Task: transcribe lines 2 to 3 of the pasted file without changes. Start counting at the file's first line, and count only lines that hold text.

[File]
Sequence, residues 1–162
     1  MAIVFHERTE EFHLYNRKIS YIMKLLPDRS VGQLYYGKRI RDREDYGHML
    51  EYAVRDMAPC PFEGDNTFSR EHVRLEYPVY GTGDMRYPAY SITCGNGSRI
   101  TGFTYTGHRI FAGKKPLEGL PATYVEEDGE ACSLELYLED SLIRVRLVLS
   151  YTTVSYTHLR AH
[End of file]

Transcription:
     1  MAIVFHERTE EFHLYNRKIS YIMKLLPDRS VGQLYYGKRI RDREDYGHML
    51  EYAVRDMAPC PFEGDNTFSR EHVRLEYPVY GTGDMRYPAY SITCGNGSRI